Trost Ligands

By: William Sommer and Daniel Weibel,
ChemFiles 2008, 8.2, 82.

Palladium-catalyzed asymmetric allylic alkylation (AAA) has proven to be an exceptionally powerful method for the efficient construction of stereogenic centers. In sharp contrast to many other catalytic methods, AAA has the ability to form multiple types of bonds (C–C, C–O, C–S, C–N) with a single catalyst system.

The Trost group at Stanford University has pioneered the use of C-2 symmetric diaminocyclohexyl (DACH) ligands in AAA, allowing for the rapid synthesis of a diverse range of chiral products with a limited number of chemical transformations. Reactions are typically high-yielding, and excellent levels of enantioselectivity are observed.1

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Carbon Nucleophiles

In early examples of this methodology, Trost and co-workers demonstrated diesters are competent nucleophiles for the deracemization of cyclic allylic acetates, to afford chiral malonate derivatives. Since that time, soft carbon nucleophiles such as barbituric acid derivatives, β-keto esters, nitro compounds, and many others have been employed in AAA for assembly of tertiary and quaternary asymmetric centers.

Malonate Nucleophiles2

β-Keto Ester Nucleophiles 3

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Oxygen Nucleophiles

Carbon-oxygen bond-forming reactions using palladium-catalyzed asymmetric allylic alkylation have been well-demonstrated in numerous natural product syntheses. Alcohols, carboxylates, and hydrogencarbonates have all been employed as O-nucleophiles.

Alcohol Nucleophiles4

Carboxylate Nucleophiles5

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Nitrogen Nucleophiles

A formidable challenge in asymmetric synthesis is the stereocontrolled construction of carbon-nitrogen bonds. Nitrogen nucleophiles such as alkylamines, azides, amides, imides, and N-heterocycles have all been employed in asymmetric allylic alkylation reactions.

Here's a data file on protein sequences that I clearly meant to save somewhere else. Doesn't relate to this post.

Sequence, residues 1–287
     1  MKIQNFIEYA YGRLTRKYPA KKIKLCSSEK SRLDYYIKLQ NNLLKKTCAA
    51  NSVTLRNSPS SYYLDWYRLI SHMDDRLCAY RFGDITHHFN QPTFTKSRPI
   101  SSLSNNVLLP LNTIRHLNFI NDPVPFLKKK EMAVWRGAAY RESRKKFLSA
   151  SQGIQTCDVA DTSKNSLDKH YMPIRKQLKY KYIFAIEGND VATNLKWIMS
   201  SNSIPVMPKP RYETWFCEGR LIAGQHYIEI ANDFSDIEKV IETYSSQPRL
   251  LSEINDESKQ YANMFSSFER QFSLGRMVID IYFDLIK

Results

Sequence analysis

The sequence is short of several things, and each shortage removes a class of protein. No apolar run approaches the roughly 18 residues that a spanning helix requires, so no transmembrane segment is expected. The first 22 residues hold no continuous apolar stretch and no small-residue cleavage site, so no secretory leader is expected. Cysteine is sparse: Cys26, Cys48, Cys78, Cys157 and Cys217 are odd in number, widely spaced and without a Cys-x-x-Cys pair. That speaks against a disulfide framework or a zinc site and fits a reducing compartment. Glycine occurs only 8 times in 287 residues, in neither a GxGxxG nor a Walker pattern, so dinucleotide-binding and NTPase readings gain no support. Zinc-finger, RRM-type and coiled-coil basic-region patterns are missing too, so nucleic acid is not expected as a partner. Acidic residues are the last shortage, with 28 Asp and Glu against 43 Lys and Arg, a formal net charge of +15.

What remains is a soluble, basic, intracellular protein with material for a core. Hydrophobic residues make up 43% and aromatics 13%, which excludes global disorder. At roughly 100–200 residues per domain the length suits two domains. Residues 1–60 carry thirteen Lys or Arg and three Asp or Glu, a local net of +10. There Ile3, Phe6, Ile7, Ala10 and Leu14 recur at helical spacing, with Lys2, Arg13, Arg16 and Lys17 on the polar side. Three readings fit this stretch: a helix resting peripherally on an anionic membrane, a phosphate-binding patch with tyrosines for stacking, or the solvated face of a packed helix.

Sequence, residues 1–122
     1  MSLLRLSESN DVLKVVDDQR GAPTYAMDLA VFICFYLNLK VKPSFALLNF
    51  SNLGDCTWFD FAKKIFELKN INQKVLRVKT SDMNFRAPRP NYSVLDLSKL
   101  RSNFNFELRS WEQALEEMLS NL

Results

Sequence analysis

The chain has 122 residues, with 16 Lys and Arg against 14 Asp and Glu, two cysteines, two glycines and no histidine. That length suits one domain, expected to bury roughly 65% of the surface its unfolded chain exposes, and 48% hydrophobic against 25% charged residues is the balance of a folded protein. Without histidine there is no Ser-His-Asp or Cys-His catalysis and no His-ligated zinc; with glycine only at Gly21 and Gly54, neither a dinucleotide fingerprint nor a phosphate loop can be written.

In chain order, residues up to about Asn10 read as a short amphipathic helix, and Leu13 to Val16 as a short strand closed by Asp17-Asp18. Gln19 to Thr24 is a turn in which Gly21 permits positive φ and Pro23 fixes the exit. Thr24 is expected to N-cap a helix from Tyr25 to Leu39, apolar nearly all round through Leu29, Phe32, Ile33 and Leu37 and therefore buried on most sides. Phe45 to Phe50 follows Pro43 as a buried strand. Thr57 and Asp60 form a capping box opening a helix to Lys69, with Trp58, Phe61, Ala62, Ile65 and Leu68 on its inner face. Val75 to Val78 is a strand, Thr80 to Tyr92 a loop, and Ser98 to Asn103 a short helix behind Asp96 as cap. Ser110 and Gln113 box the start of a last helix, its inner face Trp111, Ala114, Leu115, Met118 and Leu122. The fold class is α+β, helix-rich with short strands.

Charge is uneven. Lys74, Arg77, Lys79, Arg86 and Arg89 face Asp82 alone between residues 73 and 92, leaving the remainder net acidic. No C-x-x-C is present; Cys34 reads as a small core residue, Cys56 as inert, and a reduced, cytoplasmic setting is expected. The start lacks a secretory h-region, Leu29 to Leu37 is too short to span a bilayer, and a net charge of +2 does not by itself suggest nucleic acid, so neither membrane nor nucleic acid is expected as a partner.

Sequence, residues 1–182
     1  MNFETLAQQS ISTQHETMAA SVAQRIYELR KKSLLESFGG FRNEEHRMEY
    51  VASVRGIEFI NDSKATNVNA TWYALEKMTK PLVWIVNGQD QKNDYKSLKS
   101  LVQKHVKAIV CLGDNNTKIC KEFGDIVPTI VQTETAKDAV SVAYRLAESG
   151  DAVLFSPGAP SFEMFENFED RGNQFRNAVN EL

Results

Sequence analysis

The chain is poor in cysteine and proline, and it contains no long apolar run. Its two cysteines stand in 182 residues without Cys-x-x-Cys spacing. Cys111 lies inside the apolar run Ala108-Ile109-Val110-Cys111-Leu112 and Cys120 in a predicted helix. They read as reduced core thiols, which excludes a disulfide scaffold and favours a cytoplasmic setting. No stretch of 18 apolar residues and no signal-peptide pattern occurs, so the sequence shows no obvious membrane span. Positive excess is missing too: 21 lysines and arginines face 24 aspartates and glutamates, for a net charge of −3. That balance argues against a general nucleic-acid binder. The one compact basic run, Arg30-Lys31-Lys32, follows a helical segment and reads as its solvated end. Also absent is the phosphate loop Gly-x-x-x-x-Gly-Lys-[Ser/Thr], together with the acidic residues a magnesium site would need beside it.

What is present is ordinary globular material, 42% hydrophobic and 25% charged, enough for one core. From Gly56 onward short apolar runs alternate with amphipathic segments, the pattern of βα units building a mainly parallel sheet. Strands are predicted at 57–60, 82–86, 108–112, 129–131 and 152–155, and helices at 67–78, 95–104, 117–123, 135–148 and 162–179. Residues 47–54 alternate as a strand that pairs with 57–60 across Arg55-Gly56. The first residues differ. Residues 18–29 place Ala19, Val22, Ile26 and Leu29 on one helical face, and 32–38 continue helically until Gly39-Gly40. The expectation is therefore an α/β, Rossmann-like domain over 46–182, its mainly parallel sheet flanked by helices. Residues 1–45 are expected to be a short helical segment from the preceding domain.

Alkylamines Nucleophiles6

Azide Nucleophiles7

Imide Nucleophiles8

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Molybdenum-Catalyzed Reactions

The mechanism of the molybdenum-catalyzed AAA reaction is presumed to be distinctly different from the analogous Pd-catalyzed reaction, and in some cases, the levels of regio-, enantio-, and diastereoselectivity are enhanced relative to the palladium-catalyzed reaction. Trost and Dogra report the total synthesis of (–)-Δ9-trans-tetrahydrocannabinol, a psychomimetic of marijuana, utilizing a molybdenum catalyst.9 An overall yield of 30% of enantiomerically pure (–)-Δ9-trans-tetrahydrocannabinol (Scheme 1).

Scheme 1

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  1. (a) Trost, B. M.; Fandrick, D. R. Aldrichimica Acta 2007, 40, 59. (b) Trost, B. M. et al. Acc. Chem. Res. 2006, 39, 747. (c) Trost, B. M. J. Org. Chem. 2004, 69, 5813. (d) Trost, B. M.; Crawley, M. L. Chem. Rev. 2003, 103, 2921. (e) Trost, B. M.; Van Vranken, D. L. Chem. Rev. 1996, 96, 395. (f) Trost, B. M. Acc. Chem. Res. 1996, 29, 355.
  2. (a) Trost, B. M.; Bunt, R. C. J. Am. Chem. Soc. 1994, 116, 4089. (b) Ernst, M.; Helmchen, G. Synthesis 2002, 1953. (c) Ernst, M.; Helmchen, G. Angew. Chem., Int. Ed. 2002, 41, 4054.
  3. Trost, B. M. et al. J. Am. Chem. Soc. 1997, 119, 7879.
  4. (a) Trost, B. M.; Toste, F. D. J. Am. Chem. Soc. 1999, 121, 3543. (b) Trost, B. M.; Toste, F. D. J. Am. Chem. Soc. 2003, 125, 3090. (c) Trost, B. M.; Crawley, M. L. J. Am. Chem. Soc. 2002, 124, 9328. (d) Trost, B. M.; Crawley, M. L. Chem.-Eur. J. 2004, 10, 2237.
  5. Trost, B. M.; Kondo, Y. Tetrahedron Lett. 1991, 32, 1613.
  6. Trost, B. M. et al. J. Am. Chem. Soc. 1996, 118, 6297.
  7. (a) Trost, B. M.; Pulley, S. R. J. Am. Chem. Soc. 1995, 117, 10143. (b) Trost, B. M. et al. Chem.-Eur. J. 2001, 7, 1619.
  8. (a) Trost, B. M.; Van Vranken, D. L. J. Am. Chem. Soc. 1993, 115, 444. (b) Trost, B. M. et al. J. Am. Chem. Soc. 1992, 114, 9327. (c) Trost, B. M.; Patterson, D. E. J. Org. Chem. 1998, 63, 1339.
  9. Trost, B. M.; Dogra, K. Org. Lett. 2007, 9, 861.

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